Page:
- September 2014
- President’s Notes
- Market Report
- Commentary: Stand Against Activist Organizations
- Direct Marketing: Watson’s Direct Marketing Approach Includes ‘Custom Growing’ Lambs for Fine Restaurants
- Easycare Sheep and Elimination of OPP Focus of U.S. Meat Animal Research Center
- Listening Sessions Invoke Support for U.S. Sheep Experiment Station
- Loss of Grazing Allotments Remain in Focus
- Undersecretary Visits ASI Office to Announce Programs That Will Benefit Sheep Producers
- Washington Rancher Allowed to Defend Flock in Wake of Wolf Attacks
- News Briefs
Loss of Grazing Allotments Remain in Focus
Weeks after it was announced that the U.S. Forest Service would conduct a “more intensive environmental review” of proposed sheep grazing regulations in a southwest Colorado wilderness area, the Public Lands Council will hold its annual meeting in a part of the region targeted by that very review.
ASI, local producers and others from the sheep industry plan to be on hand when the PLC meets Sept. 3-6 in Ignacio, Colo.
What is happening in the Weminuche Wilderness Area of the San Juan National Forest is indicative of what potentially could happen in many similar areas across the West. Ignacio resident J. Paul Brown and his family have run sheep in the Weminuche for more than four decades. Public land grazing is vital to the success of his operation, and the outcome of the Forest Service actions will have an impact on his family, along with other ranching families.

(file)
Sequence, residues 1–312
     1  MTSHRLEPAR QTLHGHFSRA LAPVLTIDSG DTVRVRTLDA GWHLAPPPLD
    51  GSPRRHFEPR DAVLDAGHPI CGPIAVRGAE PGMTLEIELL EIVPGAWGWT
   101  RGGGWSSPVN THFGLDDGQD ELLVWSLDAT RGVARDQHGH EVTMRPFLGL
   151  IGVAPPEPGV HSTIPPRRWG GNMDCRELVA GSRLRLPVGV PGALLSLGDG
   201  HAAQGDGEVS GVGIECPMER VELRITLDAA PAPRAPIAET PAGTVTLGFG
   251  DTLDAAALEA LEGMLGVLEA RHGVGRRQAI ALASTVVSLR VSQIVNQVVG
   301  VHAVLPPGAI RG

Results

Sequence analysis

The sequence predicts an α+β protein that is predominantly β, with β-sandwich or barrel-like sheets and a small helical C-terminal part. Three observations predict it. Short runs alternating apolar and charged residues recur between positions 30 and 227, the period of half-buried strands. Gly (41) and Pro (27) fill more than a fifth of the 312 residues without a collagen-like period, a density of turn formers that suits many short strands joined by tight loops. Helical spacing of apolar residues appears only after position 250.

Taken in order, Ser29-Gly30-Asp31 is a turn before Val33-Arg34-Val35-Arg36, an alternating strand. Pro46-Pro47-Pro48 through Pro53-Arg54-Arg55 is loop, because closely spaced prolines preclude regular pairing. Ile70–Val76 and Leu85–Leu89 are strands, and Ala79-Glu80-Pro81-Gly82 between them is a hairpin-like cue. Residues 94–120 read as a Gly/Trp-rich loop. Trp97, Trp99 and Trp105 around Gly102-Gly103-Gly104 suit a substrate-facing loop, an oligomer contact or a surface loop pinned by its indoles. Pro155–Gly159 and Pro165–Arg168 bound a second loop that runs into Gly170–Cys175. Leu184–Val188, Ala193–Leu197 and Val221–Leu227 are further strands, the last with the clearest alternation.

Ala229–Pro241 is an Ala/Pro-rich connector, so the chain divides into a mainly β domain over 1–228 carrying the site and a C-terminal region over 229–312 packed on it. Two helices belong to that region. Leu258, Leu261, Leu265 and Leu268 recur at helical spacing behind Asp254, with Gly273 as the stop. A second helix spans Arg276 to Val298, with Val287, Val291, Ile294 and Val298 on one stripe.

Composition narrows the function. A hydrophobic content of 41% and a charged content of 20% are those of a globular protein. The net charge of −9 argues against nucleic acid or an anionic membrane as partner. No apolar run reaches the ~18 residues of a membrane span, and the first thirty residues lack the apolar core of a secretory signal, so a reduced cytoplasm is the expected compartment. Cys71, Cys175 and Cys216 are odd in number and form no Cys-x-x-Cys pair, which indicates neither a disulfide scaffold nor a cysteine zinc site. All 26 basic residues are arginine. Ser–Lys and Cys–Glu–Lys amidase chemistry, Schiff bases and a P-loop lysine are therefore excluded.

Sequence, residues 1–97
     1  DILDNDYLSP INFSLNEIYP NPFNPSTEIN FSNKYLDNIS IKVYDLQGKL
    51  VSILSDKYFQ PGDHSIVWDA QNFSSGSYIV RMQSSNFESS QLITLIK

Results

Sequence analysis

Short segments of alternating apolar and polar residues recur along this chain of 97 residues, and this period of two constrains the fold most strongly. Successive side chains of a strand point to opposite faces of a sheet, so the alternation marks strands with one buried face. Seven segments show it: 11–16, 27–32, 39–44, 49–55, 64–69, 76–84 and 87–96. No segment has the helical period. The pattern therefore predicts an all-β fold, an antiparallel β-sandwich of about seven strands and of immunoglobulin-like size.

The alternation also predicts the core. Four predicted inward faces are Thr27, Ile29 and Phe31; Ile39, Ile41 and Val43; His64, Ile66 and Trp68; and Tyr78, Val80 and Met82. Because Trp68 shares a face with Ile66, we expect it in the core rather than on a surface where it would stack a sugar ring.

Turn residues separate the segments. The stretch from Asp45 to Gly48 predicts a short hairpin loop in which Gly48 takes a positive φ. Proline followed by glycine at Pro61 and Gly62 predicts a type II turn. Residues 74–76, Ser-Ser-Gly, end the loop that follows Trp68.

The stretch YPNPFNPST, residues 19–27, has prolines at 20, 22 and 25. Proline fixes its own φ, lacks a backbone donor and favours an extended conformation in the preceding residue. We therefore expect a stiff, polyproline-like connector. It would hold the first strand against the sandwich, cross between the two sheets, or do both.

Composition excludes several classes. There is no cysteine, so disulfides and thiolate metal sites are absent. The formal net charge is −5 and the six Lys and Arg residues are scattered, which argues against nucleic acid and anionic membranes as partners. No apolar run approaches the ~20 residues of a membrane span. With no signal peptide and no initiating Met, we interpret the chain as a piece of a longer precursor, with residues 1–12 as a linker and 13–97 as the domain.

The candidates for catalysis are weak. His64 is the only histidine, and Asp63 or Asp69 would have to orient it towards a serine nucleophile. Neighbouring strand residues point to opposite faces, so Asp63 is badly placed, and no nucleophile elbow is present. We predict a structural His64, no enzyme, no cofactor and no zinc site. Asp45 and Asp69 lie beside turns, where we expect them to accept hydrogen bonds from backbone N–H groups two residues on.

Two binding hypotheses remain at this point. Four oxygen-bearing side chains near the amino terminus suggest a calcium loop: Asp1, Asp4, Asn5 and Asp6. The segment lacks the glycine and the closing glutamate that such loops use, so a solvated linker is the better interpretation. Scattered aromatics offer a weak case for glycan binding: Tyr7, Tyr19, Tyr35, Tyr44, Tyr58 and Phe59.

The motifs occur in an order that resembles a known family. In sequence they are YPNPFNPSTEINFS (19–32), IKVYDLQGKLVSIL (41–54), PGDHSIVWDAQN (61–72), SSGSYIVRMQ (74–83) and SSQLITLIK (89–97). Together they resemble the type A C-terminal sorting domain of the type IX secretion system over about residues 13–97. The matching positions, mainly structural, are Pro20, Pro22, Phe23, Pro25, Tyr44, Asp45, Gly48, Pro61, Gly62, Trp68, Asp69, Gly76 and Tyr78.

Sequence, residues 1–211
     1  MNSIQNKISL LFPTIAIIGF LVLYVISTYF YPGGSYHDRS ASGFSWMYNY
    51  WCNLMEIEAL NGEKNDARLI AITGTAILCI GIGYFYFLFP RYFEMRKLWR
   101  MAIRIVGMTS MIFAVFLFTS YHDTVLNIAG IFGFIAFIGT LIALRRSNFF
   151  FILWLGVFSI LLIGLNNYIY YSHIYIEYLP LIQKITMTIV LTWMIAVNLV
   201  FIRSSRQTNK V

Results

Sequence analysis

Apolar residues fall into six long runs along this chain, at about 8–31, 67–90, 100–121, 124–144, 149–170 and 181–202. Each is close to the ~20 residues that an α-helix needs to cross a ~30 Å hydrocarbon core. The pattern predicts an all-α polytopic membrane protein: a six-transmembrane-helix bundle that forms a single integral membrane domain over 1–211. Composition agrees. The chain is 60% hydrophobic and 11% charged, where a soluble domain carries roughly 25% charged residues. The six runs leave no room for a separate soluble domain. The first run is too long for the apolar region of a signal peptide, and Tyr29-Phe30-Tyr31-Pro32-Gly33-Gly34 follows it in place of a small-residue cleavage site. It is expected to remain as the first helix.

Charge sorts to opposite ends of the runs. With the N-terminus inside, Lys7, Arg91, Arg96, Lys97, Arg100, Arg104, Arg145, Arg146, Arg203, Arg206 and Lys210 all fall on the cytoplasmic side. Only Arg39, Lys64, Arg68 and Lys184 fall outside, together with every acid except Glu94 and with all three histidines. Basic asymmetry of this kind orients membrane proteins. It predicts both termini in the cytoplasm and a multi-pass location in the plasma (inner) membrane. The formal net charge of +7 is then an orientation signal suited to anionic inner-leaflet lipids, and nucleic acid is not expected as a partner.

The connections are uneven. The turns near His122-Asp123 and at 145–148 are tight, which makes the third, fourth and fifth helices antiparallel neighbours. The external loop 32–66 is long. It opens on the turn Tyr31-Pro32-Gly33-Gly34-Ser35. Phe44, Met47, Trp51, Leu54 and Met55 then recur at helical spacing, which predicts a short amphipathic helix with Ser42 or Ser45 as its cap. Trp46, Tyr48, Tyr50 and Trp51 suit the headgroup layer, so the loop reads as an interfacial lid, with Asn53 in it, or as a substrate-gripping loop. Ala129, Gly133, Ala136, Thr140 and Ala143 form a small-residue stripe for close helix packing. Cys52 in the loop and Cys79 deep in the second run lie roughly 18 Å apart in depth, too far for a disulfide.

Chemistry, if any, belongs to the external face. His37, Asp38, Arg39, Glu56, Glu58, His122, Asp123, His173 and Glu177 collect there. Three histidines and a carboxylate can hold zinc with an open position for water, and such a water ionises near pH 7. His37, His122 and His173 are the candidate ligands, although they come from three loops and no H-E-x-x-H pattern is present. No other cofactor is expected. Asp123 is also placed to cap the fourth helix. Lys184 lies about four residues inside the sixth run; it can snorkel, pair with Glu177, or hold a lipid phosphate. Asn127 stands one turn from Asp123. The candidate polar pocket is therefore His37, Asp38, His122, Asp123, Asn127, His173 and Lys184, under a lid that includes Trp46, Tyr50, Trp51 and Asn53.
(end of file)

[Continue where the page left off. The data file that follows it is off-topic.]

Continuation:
San Juan Forest Supervisor Kara Chadwick said Forest Service concerns and need for a new review center on “the impact of grazing on soil, water and native vegetation, degradation of recreational acres, economics of competing interests and the risk of domestic sheep transmitting diseases to bighorn sheep in the range.”
In reality, according to ASI Executive Director Peter Orwick, it is believed the initial Environmental Assessment (EA) of the area was poorly conducted and the Forest Service now intends to start over with an Environmental Impact Statement (EIS) on the grazing.
ASI joined the Colorado Wool Growers Association and PLC in commenting on the initial EA because that assessment attempted to impose restrictions due to concerns over bighorn sheep. The initial assessment would have restricted the grazing permittee from transferring allotments to anyone except a direct family member.
“Both precedent-setting issues were obviously not well thought out, therefore the Forest Service is starting over again,” Orwick said.
Orwick said he plans to attend the PLC meeting in Ignacio with ASI Washington representative Jim Richards. Orwick encourages sheep ranchers and producers to participate, as well.